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A Curious Madness: An American Combat…

A Curious Madness: An American Combat Psychiatrist, a Japanese War Crimes…

by Eric Jaffe

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This is not a review, per se. Just a not on why I DNF'd this book. I was unable to finish this book. I made it to page 114/257 but had to put the book down as DNF at this time. I'm very interested in the Asian Holocaust of WWII and the history of psychiatryal so was well looking forward to this. The chapters alternated between being about the American psychiatrist and the Japanese war criminal. I found the Psychiatrist's chapters fascinating and flew through them, however the chapter's devoted to life of the war criminal were painfully dull, full of politics and military details that I have no interest. I had to force myself to pick up the book when reading these chapters. So I ended my delemna by DNFing. Sorry not for me. ( )
  ElizaJane | Apr 16, 2014 |
Eric Jaffe's new book A Curious Madness: An American Combat Psychiatrist, a Japanese War Crimes Suspect, and Unsolved Mystery from World War II was a fascinating read! If you find the summary on this website intriguing, I don't think you'll be disappointed. I have two insights into why I found the book so compelling, which may further help you to calibrate your level of interest in this work:

(1) One of the primary figures in the historical episode upon which the entire work focuses is the American psychiatrist who diagnosed a Japanese war criminal as insane for purposes of trial. He was Eric Jaffe's grandfather. This drove the author's "obsessive" interest (I saw a talk by the author during which he described it thusly) in this case, and his curiosity was contagious. That is, IMHO it infused his prose with a certain level of excitement. Moreover, the intensity of the author's interest bears fruit in the form of the particular depth of the investigation that forms the basis of the text produced for the readers' passive consumption.

(2) There are no clear answers presented by Jaffe. This work stimulates the reader's interest and forces her to wrestle with the ambiguities of human psychology and based on her own reflections draw whatever conclusions she can about this historical incident. This stimulating case study does not oversimplify its subject matter, let alone the human beings involved, at all.

Please be advised I received access to an electronic copy of this book through gracious permission of the publisher on NetGalley. ( )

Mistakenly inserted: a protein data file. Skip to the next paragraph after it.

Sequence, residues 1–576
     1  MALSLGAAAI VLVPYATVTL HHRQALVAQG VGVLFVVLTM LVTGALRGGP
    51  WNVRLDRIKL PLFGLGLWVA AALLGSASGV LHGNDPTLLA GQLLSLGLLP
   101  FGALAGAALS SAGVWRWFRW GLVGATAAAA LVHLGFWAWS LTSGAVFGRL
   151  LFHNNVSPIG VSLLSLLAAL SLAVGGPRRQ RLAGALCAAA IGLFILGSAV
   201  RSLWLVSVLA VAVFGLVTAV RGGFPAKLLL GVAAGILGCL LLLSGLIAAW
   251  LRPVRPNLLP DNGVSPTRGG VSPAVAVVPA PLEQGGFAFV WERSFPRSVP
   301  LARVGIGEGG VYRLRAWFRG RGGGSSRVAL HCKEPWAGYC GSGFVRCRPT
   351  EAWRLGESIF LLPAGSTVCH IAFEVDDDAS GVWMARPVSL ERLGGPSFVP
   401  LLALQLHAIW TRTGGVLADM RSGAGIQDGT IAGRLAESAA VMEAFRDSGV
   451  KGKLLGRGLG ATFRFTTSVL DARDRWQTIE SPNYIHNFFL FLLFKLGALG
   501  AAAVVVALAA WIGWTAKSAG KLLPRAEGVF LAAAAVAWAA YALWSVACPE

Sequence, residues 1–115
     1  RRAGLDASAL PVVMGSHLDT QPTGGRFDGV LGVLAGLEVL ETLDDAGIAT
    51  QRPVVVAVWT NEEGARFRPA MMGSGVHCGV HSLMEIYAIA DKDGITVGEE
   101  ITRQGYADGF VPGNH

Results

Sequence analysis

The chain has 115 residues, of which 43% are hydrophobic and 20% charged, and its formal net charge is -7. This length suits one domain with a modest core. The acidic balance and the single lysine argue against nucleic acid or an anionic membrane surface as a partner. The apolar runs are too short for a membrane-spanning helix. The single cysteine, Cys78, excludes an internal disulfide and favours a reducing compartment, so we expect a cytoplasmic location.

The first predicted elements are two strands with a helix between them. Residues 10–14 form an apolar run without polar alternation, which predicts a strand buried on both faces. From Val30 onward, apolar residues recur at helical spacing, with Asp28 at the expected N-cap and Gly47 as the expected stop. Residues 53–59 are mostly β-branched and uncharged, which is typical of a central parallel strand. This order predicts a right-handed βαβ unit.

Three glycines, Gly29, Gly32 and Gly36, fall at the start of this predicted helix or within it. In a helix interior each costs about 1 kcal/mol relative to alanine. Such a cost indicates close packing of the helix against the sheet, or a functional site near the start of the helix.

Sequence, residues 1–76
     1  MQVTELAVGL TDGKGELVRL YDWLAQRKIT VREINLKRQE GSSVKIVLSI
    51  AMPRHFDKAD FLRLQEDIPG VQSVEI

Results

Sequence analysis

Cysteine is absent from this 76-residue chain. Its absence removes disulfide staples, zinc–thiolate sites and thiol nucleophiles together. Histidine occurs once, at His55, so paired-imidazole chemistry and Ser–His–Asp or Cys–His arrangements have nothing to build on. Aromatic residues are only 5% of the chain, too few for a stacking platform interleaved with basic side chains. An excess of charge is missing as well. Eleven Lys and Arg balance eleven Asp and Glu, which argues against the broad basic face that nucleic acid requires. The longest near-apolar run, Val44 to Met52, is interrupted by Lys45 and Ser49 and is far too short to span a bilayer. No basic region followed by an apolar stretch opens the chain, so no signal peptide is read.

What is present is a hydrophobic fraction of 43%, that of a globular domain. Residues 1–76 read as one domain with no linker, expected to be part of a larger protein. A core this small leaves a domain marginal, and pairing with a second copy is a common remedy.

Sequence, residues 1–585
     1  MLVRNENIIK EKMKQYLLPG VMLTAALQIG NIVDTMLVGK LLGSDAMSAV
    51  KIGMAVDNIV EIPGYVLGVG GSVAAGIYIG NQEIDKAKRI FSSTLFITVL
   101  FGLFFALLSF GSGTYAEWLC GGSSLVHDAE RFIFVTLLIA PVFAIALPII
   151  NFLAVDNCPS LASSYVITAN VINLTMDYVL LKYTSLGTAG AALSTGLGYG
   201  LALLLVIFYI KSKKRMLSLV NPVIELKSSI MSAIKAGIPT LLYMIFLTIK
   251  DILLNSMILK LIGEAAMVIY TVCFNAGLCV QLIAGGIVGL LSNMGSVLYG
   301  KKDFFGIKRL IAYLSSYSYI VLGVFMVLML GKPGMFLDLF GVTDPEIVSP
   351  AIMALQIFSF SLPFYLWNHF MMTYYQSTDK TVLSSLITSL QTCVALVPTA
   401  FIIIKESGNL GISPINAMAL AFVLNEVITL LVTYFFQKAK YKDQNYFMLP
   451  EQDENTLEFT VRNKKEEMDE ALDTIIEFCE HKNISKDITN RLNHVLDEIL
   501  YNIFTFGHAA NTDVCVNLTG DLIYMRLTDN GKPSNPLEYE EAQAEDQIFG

kara.shamy | Feb 18, 2014 |
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"From an 'illuminating and entertaining' (The New York Times) historian comes the World War II story of two men whose remarkable lives improbably converged at the Tokyo war crimes trials of 1946. In the wake of World War II, the Allied forces charged twenty-eight Japanese men with crimes against humanity. Correspondents at the Tokyo trial thought the evidence fell most heavily on ten of the accused. In December 1948, five of these defendants were hanged while four received sentences of life in prison. The tenth was a brilliant philosopher-patriot named Okawa Shumei. His story proved strangest of all. Among all the political and military leaders on trial, Okawa was the lone civilian. In the years leading up to World War II, he had outlined a divine mission for Japan to lead Asia against the West, prophesized a great clash with the United States, planned coups d'etat with military rebels, and financed the assassination of Japan's prime minister. Beyond 'all vestiges of doubt,' concluded a classified American intelligence report, 'Okawa moved in the best circles of nationalist intrigue.' Okawa's guilt as a conspirator appeared straightforward. But on the first day of the Tokyo trial, he made headlines around the world by slapping star defendant and wartime prime minister Tojo Hideki on the head. Had Okawa lost his sanity? Or was he faking madness to avoid a grim punishment? A U.S. Army psychiatrist stationed in occupied Japan, Major Daniel Jaffe--the author's grandfather--was assigned to determine Okawa's ability to stand trial, and thus his fate. Jaffe was no stranger to madness. He had seen it his whole life: in his mother, as a boy in Brooklyn; in soldiers, on the battlefields of Europe. Now his seasoned eye faced the ultimate test. If Jaffe deemed Okawa sane, the war crimes suspect might be hanged. But if Jaffe found Okawa insane, the philosopher patriot might escape justice for his role in promoting Japan's wartime aggression. Meticulously researched, A Curious Madness is both expansive in scope and vivid in detail. As the story pushes both Jaffe and Okawa toward their postwar confrontation, it explores such diverse topics as the roots of belligerent Japanese nationalism, the development of combat psychiatry during World War II, and the complex nature of postwar justice. Eric Jaffe is at his best in this suspenseful and engrossing historical narrative of the fateful intertwining of two men on different sides of the war and the world and the question of insanity"--… (more)

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